A look at the AFC North drafts
One of the stronger divisions and perhaps the strongest division in the AFC is the North. Pittsburgh and Baltimore are consistently at the top mainly because of the leadership of their strong GM’s; Ozzie Newsome in Baltimore and Kevin Colbert in Pittsburgh. Last year Cincinnati made a jump and got into the playoffs and the Bengals should show improvement this year and challenge Pittsburgh and Baltimore. Cleveland, though improved, is still at the bottom of the division. Let’s look at how each team did in the draft.
Year after year, no matter where they are picking, Kevin Colbert always gets it right. We can say the same this year. When it was the Steelers turn to pick, Stanford guard David DeCastro was there and the Steelers quickly chose him. DeCastro was the best inside offensive linemen in the draft and has Pro Bowl potential. No one has questioned tackle Mike Adams' talent -- it’s the well-documented off field issues that have hurt him. Adams is a first round talent that the Steelers got in the second. If he toes the line it will be a great pick. Miami’s Sean Spence is an instinctive playmaking linebacker who fits the mold of what the Steelers like at the position. Getting nose tackle Alameda Ta’amu in the fourth round is a steal. He could start right away and plug up the middle. Chris Rainey is an extremely fast situational back who gives the Steelers another big play threat. Like Adams he has had some issues but Pittsburgh's strong locker room should remedy that. This was a very strong draft that could keep the Steelers at the top of the division.
ICONCould Courtney Upshaw step in for Terrell Suggs?
It’s amazing how things work out. The Ravens took Alabama OLB Courtney Upshaw because he was the best player available and a top talent. Little did they know that star player Terrell Suggs would tear an Achilles a few days after the draft. Now they have his replacement. Upshaw needs to get down to about 260-265 to be effective in the NFL. Keleche Osemele is a huge offensive tackle from Iowa State who may be best suited inside at guard. Osemele is very strong and powerful but may not have the quickness and range to survive outside. Bernard Pierce is a talented slasher with speed who can take some of the load off of Ray Rice. Safety Christian Thompson is an Auburn transfer with traits. He is not a finished product and will have to produce on special teams while he develops. He has very good speed and athleticism. Asa Jackson is a talented small college player who could end up being a steal. He still has to develop some but can very easily be the Ravens nickel corner in another year. Receiver Tommy Streeter could be another late round steal. He still is raw but has great speed and plenty of upside.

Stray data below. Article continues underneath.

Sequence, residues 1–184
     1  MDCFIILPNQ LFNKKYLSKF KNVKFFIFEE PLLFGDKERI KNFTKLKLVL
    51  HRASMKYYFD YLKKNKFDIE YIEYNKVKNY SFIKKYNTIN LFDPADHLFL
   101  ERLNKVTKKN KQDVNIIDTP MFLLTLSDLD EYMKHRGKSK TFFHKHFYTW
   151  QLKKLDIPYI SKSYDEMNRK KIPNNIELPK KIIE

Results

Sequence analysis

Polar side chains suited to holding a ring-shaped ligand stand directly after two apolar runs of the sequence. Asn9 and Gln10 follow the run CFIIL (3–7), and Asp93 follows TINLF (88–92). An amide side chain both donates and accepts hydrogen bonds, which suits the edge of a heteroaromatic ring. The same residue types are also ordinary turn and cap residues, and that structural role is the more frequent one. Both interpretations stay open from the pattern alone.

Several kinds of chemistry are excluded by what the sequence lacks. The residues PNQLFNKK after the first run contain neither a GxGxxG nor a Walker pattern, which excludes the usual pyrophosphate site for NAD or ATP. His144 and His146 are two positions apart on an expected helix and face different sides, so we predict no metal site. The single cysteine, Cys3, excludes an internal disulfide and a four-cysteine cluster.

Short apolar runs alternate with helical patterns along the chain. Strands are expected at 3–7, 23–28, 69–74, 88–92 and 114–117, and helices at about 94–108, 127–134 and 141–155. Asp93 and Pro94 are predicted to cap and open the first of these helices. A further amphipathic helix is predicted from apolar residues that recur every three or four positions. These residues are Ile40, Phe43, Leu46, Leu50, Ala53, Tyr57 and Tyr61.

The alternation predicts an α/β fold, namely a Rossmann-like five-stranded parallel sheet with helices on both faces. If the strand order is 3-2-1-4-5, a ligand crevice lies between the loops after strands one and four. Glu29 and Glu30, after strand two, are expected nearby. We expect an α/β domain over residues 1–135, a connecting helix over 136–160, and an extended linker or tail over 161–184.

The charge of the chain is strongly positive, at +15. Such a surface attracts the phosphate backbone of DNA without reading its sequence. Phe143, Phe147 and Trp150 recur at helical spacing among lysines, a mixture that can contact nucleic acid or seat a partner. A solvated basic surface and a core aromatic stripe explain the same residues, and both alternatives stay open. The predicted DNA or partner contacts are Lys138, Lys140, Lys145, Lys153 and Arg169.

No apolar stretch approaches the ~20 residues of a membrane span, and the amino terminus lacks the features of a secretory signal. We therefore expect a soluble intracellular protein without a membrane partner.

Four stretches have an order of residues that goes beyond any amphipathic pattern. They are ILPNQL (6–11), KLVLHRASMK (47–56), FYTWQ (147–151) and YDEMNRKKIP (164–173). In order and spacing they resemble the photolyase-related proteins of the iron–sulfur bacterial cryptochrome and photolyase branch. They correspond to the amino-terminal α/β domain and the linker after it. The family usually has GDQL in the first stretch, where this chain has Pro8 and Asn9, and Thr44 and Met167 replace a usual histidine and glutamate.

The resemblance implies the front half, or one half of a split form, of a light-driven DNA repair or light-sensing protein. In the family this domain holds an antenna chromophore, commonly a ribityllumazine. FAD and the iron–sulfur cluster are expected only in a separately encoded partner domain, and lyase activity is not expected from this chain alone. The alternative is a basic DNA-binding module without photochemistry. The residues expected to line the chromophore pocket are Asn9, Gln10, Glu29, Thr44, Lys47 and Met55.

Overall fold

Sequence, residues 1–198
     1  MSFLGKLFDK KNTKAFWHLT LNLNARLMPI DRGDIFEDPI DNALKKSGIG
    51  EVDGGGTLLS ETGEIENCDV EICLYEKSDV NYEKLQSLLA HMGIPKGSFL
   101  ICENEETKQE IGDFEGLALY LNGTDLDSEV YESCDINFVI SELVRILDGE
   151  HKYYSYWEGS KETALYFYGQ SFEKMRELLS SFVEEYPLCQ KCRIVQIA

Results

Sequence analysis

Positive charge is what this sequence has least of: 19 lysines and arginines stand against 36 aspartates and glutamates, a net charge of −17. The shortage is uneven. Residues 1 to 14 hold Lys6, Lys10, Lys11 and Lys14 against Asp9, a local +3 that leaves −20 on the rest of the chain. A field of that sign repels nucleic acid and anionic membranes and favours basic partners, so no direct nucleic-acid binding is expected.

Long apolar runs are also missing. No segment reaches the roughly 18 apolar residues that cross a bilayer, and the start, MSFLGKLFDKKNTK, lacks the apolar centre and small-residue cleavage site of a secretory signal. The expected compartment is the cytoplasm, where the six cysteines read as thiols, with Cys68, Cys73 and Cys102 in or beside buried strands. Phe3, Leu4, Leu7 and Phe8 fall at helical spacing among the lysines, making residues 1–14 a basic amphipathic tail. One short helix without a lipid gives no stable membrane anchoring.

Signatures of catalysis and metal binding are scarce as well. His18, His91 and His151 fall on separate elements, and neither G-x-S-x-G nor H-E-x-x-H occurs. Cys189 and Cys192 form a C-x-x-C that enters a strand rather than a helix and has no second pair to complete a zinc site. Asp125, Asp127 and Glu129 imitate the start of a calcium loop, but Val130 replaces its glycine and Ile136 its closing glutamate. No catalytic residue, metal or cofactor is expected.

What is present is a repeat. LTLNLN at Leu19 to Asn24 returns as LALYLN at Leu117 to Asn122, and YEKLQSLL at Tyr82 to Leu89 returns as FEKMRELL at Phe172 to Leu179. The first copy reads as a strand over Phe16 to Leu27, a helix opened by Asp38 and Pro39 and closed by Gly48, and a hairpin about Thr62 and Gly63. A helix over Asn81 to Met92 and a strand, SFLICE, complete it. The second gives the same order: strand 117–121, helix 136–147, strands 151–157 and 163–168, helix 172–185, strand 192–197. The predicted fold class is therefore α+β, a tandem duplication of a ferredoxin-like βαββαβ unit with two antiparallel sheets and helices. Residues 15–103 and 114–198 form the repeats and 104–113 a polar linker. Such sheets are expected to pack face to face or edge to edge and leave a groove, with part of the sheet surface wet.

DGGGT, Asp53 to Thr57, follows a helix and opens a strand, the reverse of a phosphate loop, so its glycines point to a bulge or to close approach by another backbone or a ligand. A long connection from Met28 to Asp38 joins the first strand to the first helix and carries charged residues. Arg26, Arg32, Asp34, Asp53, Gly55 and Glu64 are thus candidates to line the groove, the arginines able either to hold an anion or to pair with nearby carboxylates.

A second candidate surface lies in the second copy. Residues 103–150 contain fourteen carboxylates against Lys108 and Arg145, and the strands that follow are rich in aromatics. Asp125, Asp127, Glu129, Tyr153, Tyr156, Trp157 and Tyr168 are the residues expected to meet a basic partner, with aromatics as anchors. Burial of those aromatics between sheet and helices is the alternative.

I say this every year, but the Bengals -- who often take a lot of heat from fans and “experts” -- have done a great job in the draft the last few years. This sraft was no exception. Dre' Kirkpatrick may have been a top 10 pick if it wasn’t for a drug arrest in which he was exonerated. Though he has a slight frame, he is very physical. Kevin Zeitler is another in a long line of excellent Wisconsin offensive linemen. He can play guard or center and will start right away. Many thought Devon Still was a sure first. He has shown some inconsistency but when he cranks it up he is one tough guy to block. Mohamed Sanu hurt his stock when he ran poorly at the combine but came back to run in the 4.55 area at his pro day. He is one of the underrated receivers in this draft and may start opposite A.J. Green. Bernard Thompson is another top flight defensive tackle with starter ability. Combined with Geno Atkins and Still this has the makings of a very good interior line. Shaun Prater is a very good cover corner with ball skills and George Iloka has starter talent at free safety. I thought receiver Marvin Jones was a third round type and gives the Bengals another receiver with speed (4.45).
Cleveland made a great move trading up to get running back Trent Richardson. He doesn’t have the rare open field run skills of Adrian Peterson but may be a better overall player. I don’t get the Brandon Weeden pick. To me it’s a reach based on need. Taking a 28-year-old quarterback who still needs to develop because of the system he played in at Oklahoma State goes against everything I have learned in scouting over 30 years. Weeden is no sure shot to have success in the NFL. Mitchell Schwartz might not win a beauty contest with his frame but he is a very good player and sound technician. John Hughes is a tough overachiever who holds the point but has limited athleticism and may have been a reach. Travis Benjamin is a slight framed burner who can stretch the field but don’t expect much underneath.